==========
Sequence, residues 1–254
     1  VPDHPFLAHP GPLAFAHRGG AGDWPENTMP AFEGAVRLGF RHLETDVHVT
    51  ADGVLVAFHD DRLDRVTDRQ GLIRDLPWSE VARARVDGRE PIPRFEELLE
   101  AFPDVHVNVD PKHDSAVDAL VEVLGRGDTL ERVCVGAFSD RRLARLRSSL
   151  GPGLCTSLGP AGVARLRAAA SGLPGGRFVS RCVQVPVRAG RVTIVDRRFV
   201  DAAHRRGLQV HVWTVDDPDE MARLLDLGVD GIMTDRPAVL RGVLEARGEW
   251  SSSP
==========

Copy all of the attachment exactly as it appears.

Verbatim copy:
Sequence, residues 1–254
     1  VPDHPFLAHP GPLAFAHRGG AGDWPENTMP AFEGAVRLGF RHLETDVHVT
    51  ADGVLVAFHD DRLDRVTDRQ GLIRDLPWSE VARARVDGRE PIPRFEELLE
   101  AFPDVHVNVD PKHDSAVDAL VEVLGRGDTL ERVCVGAFSD RRLARLRSSL
   151  GPGLCTSLGP AGVARLRAAA SGLPGGRFVS RCVQVPVRAG RVTIVDRRFV
   201  DAAHRRGLQV HVWTVDDPDE MARLLDLGVD GIMTDRPAVL RGVLEARGEW
   251  SSSP